LAHORE, Pakistan (Reuters) - An American who killed two Pakistani men last week will be held for eight more days to allow for more investigation, a prosecutor said Thursday, despite U.S. insistence the man has diplomatic immunity.
The case of Raymond Davis has become the latest test of ties between the two countries with anti-U.S. Islamist groups demanding the Pakistani government resists U.S. calls to free him.
The United States says Davis is a diplomat and has called for his immediate release. He was arrested a week ago after shooting dead two men in the city of Lahore in what Davis says was an act of self-defence during an attempted robbery.
The Lahore High Court Tuesday barred the government from handing him over to Washington, saying it would decide whether he had diplomatic immunity or not.
Amid tight security, police brought Davis in an armoured car to appear before a magistrate in Lahore Thursday. Journalists were barred from the proceedings.
“The police officials told the court that investigations have not yet been completed. The judge extended the remand(detention) for eight more days,” Abdul Samad, a deputy prosecutor general at the high court told Reuters.
Davis told the court that he opened fire on the two motorcyclists in self-defence, fearing that they were about to rob him. The two men later died in the hospital.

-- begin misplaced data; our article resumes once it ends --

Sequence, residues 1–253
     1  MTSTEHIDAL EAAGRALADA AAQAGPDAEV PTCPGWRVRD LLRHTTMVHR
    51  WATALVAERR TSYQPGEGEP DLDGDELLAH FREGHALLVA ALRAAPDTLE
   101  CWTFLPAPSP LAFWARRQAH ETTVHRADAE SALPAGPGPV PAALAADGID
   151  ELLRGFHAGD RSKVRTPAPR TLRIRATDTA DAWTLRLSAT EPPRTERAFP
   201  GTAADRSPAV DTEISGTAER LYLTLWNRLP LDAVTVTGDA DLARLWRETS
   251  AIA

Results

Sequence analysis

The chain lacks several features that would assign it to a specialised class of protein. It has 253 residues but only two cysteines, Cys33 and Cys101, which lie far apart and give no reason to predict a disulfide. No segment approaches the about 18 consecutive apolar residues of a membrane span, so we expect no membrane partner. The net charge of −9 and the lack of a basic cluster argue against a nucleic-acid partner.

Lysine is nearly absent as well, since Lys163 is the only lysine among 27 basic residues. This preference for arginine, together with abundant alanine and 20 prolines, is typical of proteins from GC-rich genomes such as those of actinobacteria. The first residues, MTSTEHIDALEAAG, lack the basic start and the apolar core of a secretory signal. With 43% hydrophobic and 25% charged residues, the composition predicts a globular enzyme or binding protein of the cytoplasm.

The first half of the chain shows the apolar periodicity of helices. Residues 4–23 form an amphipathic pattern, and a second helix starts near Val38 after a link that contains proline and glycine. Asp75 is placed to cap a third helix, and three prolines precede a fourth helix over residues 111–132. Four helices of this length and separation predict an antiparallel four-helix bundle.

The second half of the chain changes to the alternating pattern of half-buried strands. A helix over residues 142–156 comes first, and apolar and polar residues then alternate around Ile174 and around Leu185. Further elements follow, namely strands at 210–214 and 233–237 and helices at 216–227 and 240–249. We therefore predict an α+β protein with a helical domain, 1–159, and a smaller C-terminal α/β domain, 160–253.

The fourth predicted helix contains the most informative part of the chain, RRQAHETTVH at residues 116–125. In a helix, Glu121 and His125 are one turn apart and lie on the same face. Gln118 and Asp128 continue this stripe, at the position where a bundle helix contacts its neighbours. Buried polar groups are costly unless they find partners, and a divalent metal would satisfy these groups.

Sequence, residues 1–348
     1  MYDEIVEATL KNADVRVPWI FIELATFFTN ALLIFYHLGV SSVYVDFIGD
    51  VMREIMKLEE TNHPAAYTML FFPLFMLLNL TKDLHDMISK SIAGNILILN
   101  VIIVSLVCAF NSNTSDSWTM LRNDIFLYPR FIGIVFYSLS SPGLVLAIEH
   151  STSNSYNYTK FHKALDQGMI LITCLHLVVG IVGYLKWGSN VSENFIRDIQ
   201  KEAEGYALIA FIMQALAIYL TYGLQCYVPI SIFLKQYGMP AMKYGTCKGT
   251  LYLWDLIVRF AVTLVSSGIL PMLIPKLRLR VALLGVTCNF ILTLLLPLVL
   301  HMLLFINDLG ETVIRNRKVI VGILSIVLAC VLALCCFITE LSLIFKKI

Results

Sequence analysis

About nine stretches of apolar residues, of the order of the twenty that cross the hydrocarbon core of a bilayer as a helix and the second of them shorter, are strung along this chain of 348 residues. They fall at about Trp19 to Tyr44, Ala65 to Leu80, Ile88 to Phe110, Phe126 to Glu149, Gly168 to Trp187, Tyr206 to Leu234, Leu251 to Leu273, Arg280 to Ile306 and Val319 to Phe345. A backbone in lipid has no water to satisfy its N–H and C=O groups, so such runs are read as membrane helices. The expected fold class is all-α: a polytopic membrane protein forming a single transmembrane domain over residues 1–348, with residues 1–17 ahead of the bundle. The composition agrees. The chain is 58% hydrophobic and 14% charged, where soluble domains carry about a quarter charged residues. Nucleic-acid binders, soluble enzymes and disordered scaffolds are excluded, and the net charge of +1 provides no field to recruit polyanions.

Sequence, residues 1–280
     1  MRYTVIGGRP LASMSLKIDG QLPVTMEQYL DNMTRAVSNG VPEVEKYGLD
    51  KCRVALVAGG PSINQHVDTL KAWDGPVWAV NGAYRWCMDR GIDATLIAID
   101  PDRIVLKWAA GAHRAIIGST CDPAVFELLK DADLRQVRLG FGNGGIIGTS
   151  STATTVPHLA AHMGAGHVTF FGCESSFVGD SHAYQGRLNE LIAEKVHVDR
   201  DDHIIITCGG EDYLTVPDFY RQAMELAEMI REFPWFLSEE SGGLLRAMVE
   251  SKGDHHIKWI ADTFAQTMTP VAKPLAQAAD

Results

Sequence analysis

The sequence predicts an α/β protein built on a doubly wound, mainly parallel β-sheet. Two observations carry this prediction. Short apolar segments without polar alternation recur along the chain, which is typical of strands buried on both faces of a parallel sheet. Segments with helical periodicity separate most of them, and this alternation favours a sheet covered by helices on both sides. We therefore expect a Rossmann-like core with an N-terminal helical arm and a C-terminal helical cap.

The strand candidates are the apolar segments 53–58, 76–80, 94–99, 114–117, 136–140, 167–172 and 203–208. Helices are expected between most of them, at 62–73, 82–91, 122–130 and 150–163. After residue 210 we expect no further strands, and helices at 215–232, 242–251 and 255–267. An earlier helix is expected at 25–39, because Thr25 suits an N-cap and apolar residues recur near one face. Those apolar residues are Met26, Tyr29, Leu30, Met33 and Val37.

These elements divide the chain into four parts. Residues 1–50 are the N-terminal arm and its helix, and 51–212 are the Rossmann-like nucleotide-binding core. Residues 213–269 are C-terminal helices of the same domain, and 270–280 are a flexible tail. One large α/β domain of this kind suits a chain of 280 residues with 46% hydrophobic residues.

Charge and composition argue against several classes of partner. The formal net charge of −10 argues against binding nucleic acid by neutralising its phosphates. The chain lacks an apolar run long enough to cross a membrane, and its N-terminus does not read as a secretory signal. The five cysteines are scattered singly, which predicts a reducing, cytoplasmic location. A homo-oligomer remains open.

Hundreds of supporters and some relatives of the two men, as well as those of a man who police said was run down and killed when U.S. personnel in a consulate vehicle apparently tried to rescue Davis, held a protest rally later Thursday.
The protesters marched to the U.S. consulate and burnt U.S. flags. They said the government should not hand Davis over to U.S. Authorities, witnesses said.
Pakistan is a crucial ally to the United States in its efforts to stabilise Afghanistan and combat Islamist militancy, but anti-American sentiments run high in the predominantly Muslim country.
The government of President Asif Ali Zardari, already weakened by a host of problems from political wrangling, Islamist militancy and a fragile economy, has to act cautiously as the case is politically explosive.
After first identifying the man as a staff member of the U.S. consulate in Lahore, the U.S. embassy Saturday described him as a diplomat and said he had been unlawfully detained.
Arresting a diplomat is a violation of international norms and the Vienna Conventions, it said.
Interior Minister Rehman Malik told the Senate Wednesday that Davis held a diplomatic passport but maintained that his case would be settled by a court.
A Western diplomat said it was possible that Malik’s comments were laying the groundwork for Davis’ eventual release under laws governing diplomatic immunity.
Additional reporting by Chris Allbritton; Writing by Zeeshan Haider; Editing by Rebecca Conway and Sanjeev Miglani